The Night Witches

Written by Garth Ennis
Review by India Edghill

During World War II, the Nazi war machine destroyed its way through the Soviet Union. Desperate times call for desperate measures, so Russia creates a new bomber unit: a unit of women, who will fly outdated and dangerous biplanes on an even more dangerous mission: night bombing of the German invaders. One of the young women is Anna Kharkova, who becomes a superb pilot and is created a hero of the Soviet Union for her efforts against the enemy. Anna survives capture and torture by the Germans, only to be astonished at what happens to her when the war ends. But Anna never gives up. To say more would involve huge spoilers.

While Anna is fictional, the Night Witches are not. During the war, women did fly obsolete biplanes by night to bomb the enemy. It was a hideously dangerous job, and casualties were high – and after the war… well… It’s Soviet Russia under Stalin, which tells you there may not be a traditional happy ending. But the ending is satisfactory, and Anna never once lets herself down. Night Witches is superbly done, but please note that it is also very realistic. War is no joke, as this work makes very, very clear. Warnings for torture and rape – which are handled both realistically and as tactfully as possible. One measure of the work’s quality is seen by the fact that Dead Reckoning is an imprint of the prestigious Naval Institute Press.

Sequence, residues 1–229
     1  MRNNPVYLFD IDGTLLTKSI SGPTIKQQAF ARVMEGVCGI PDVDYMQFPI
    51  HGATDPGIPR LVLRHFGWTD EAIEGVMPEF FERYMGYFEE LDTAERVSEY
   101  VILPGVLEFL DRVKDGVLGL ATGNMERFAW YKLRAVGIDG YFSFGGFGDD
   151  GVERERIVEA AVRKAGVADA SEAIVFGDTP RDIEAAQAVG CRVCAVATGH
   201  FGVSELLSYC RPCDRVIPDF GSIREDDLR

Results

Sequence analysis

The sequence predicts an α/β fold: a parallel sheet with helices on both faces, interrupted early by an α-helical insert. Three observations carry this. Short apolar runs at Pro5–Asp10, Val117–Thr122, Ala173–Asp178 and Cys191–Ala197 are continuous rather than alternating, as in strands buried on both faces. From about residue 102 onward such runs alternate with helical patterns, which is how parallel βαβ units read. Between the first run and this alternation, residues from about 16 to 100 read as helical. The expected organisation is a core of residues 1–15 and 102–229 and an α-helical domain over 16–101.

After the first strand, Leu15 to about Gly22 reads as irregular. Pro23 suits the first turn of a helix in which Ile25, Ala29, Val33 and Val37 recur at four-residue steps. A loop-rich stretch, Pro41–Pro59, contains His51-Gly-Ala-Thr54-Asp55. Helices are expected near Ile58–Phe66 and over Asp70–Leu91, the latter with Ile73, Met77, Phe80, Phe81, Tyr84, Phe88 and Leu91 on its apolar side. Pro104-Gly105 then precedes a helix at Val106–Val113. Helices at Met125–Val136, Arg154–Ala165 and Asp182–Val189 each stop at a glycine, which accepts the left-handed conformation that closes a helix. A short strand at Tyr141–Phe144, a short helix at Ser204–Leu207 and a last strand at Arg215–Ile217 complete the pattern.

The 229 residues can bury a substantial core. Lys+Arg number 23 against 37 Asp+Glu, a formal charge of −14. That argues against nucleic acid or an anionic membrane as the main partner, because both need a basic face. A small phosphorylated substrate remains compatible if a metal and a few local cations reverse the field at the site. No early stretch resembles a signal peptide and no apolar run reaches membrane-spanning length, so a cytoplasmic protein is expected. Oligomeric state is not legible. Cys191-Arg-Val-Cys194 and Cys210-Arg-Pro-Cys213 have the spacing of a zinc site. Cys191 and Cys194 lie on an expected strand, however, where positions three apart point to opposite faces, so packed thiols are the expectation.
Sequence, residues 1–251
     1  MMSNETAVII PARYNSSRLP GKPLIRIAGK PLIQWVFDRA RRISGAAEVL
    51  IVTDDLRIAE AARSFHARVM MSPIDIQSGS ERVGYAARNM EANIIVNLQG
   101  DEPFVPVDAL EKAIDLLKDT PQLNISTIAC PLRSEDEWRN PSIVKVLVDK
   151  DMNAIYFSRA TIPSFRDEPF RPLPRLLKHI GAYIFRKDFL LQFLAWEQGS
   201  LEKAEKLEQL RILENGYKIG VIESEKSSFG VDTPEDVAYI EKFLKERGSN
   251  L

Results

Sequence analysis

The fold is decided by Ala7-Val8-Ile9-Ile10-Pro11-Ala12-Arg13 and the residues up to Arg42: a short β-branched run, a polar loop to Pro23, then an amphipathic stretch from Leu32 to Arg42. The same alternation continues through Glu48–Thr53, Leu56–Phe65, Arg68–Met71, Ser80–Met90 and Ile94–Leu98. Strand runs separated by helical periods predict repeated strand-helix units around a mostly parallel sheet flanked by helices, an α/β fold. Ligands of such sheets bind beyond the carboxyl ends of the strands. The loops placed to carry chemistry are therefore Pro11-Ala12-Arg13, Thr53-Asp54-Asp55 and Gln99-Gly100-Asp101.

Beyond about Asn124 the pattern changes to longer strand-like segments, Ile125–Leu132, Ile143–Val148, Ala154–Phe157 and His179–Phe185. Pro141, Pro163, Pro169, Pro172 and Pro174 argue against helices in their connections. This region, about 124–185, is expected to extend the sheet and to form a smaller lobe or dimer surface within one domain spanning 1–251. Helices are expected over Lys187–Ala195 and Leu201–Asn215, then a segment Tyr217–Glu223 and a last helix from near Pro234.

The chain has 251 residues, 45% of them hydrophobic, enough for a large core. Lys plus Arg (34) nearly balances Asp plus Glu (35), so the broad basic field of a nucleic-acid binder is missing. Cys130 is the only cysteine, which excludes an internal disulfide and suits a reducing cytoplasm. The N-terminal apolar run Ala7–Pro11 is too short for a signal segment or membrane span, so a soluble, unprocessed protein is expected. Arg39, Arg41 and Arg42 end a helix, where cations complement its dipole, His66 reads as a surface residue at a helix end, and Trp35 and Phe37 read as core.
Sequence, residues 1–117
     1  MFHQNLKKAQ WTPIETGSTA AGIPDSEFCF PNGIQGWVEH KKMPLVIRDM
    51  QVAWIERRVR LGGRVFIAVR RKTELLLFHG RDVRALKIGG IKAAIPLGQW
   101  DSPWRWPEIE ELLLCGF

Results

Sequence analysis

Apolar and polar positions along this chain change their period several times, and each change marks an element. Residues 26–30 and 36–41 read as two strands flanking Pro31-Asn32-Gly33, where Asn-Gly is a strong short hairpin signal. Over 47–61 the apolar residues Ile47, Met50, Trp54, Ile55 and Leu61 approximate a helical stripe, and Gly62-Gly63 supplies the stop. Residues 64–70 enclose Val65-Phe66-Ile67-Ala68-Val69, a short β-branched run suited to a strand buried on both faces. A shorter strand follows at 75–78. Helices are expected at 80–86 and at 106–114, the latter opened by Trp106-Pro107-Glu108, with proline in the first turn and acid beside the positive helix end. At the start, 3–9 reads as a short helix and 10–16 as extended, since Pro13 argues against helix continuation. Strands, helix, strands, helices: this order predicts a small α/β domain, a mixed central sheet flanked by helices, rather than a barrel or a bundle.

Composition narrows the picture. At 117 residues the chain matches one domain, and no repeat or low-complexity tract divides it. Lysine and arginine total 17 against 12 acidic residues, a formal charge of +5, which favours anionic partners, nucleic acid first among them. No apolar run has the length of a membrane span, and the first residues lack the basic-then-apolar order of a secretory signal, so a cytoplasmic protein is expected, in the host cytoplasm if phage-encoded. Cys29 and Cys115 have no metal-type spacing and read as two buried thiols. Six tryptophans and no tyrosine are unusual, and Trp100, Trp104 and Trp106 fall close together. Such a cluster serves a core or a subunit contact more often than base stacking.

In addition to a great plot, the artwork beautifully supports the text, and gives immediacy to the story. A brilliant work, highly recommended.